1. Rock Garden

Occupational therapists – especially those in school-based OT jobs – know that for some children, both sensory processing issues and disorganization can weigh heavily. Help lighten the load with this creative “garden” activity. Students can be helped with tactile processing and visual perceptual skills (and auditory skills, as students follow your cues and instructions!) The objective of this fun, down-to-earth (literally!) activity is to address special needs related to sensory modulation, sensory discrimination and related sensory processing disorders requiring the intervention of a school-based occupational therapist.

Materials: Rocks, stones and pebbles (various sizes and roughness), fishbowl, large plastic mixing bowl, funnel, uncooked brown rice, bent pipe cleaners (various colors), and coins

Directions: Dump all rocks, stones, pebbles and brown rice, pipe cleaners and coins in the mixing bowl so that everything is mixed up. For the first part of this occupational therapy activity, have the child sift through the rice to find and remove all of the coins. Next, ask the child to sift through to gather the largest rocks, and place them in the fishbowl. To build visual perceptual skills, OTs can request the rocks, stones and pebbles be placed in the fishbowl in size order – largest rocks first, followed by medium-sized stones and small pebbles. Finally, the child will remove the pipe cleaners, unbend them, and set them aside momentarily. And now it’s time to pour “mulch” (i.e. uncooked brown rice) into the “garden” and “plant” pipe cleaners!  Ask the child to use the funnel to scoop and pour rice into the fishbowl, then make and insert “plants” – green pipe cleaners for stems with leaves, using other color pipe cleaners to image buds and blossoms.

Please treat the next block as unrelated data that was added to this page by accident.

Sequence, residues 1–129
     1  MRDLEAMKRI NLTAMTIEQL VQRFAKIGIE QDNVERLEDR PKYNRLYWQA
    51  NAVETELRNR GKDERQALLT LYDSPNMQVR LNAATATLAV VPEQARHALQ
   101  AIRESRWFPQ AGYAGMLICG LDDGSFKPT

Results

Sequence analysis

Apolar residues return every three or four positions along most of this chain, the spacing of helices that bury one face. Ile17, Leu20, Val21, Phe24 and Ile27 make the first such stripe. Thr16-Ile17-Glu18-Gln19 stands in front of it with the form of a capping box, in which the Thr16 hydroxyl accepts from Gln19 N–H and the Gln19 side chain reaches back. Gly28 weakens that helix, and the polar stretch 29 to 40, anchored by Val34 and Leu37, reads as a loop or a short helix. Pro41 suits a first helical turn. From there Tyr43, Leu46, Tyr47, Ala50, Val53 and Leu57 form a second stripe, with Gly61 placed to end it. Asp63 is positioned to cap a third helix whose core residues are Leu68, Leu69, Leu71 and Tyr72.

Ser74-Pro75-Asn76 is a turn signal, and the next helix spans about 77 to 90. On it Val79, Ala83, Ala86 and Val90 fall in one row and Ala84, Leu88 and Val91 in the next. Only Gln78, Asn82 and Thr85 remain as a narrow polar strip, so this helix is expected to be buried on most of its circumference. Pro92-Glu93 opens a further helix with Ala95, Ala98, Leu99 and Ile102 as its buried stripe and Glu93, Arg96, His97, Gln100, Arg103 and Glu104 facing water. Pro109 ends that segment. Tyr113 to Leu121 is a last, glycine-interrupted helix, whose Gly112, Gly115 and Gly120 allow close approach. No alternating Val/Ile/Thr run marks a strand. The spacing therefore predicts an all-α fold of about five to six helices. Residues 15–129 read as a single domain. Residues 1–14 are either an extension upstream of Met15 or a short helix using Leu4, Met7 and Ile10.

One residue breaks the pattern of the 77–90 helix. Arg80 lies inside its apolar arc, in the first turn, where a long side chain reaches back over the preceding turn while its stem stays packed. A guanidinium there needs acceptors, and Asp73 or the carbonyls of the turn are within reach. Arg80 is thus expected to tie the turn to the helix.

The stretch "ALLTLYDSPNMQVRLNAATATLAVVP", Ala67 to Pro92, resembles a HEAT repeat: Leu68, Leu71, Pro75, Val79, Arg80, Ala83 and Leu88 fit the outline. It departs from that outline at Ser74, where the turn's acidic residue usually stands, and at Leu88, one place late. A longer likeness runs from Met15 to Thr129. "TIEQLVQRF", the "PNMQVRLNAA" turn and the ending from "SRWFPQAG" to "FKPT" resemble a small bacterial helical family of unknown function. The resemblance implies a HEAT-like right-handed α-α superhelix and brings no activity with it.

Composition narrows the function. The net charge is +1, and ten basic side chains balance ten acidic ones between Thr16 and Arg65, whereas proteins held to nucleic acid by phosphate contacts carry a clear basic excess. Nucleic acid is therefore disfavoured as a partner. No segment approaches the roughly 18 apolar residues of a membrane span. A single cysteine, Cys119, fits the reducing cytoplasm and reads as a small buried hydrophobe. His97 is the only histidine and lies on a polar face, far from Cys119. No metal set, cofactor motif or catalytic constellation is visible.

1. Make-Your-Own-Maracas

This unique occupational therapy activity can be of great help to students who demonstrate hypersensitivity to noise stimuli. By participating in the process of both making and using a noisy instrument, students’ sensitivity may actually diminish. The materials are simple and the craft can be set up in less than 5 minutes. Side perk? Materials include items that can trigger multiple senses.

Materials: two empty water bottles with caps, whole coffee beans, pennies

Directions: Ask the student to pick up coffee beans (encourage smelling them!) and plop into the water bottles one at a time.  OTs can then have the student count multiple beans and put them in the bottles until it’s filled to an appropriate level for noisy maracas. Instruct the student in the same way with the pennies. Place the cap on each bottle and voila – two maracas!  Now it’s time to shake it up. OTs can integrate lessons on following directions as the student plays his or her new instruments!

 

 

What super-simple OT sensory activities have YOU incorporated into your occupational therapy sessions? We would love to learn more – please share your comments below!